People of this grouping purport to be so educated and cultured. Then it goes without saying that they should not have done this. Very simple.

    the only apology needed here is From the gentlemen in question TO the other passengers and the airline.

    March 15, 2011 at 3:30 pm |
  2. Cyberwave

    John Roberson, YES. Best comment of all time.

    March 15, 2011 at 3:30 pm |
  3. ????


    March 15, 2011 at 3:30 pm |
  4. Annabelle

    Sounds to me like the three men are setting up the airline for a lawsuit. The ignorance is in the three men who must have realized they were causing nervousness in their fellow passengers, not to mention that they IGNORED REPEATED REQUESTS TO STAY SEATED, and FAA violation. So, they were not only ignorant, they BROKE THE LAW!

    March 15, 2011 at 3:29 pm |
  5. Lauren

    I don't care what religion you are, sit down and buckle up means sit down and buckle up. This is more about people of all races and creeds thinking that rules don't apply to them. Cell phones, texting and reality tv are turning us into a rude society where people often exhibit no sense of what it means to be part of a society...from the movie theater to the grocery store, I encounter rudeness everyday and it isn't relegated to any race or religion.

    March 15, 2011 at 3:29 pm |
  6. peterb34

    What a racist you are ... you should be a ashamed of yourself. Then on the other hand perhaps you are probably proud to be an ignorant person. Be careful - somebody might treat you the same and then you will know how it feels.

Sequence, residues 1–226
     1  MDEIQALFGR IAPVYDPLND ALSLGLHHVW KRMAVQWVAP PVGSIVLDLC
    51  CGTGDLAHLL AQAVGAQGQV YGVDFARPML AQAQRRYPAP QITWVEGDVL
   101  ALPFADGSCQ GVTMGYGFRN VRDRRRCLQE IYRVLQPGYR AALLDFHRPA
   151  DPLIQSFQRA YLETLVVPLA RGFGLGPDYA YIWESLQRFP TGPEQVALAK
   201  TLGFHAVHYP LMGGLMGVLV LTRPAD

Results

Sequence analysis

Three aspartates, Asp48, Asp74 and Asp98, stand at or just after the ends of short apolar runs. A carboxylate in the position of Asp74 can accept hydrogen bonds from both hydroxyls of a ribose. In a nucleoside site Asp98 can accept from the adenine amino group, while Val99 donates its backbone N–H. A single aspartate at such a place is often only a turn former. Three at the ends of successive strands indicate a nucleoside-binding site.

March 15, 2011 at 3:29 pm |
    • sieben


      absolutely no racism happened here

      but some will try to inject that into the issue


      March 15, 2011 at 3:31 pm |
  7. john

    Just because anyone one group is offended by the security precautions taken dozen't mean that they are being marginalized, or that the crew was being insensitive. True security should be universally applied – strange is strange, no matter the creed. If you have a problem with that stay on the ground or lobby for a change in airline security, but don't introduce special 'training' for airline crews. Do you really want your flight attendants grappling with Buddhist mantras, Christian tongues, satanic blood-letting? Maybe all religious groups should take responsibility, scrutinize their rituals and work harder to be sensitive to those around them.

    March 15, 2011 at 3:29 pm |
  8. Aaron

    Alaska Airlines should not be apologizing to those morons, those morons should be apologizing to everyone on the flight. Their actions are 100% inexcusable.

    March 15, 2011 at 3:28 pm |
  9. Name*Tony canada

    Alaska airlines is in deep doodoo

    March 15, 2011 at 3:28 pm |
  10. Bo

    Next time I fly, I'm going to sing through the entire flight.

    March 15, 2011 at 3:28 pm |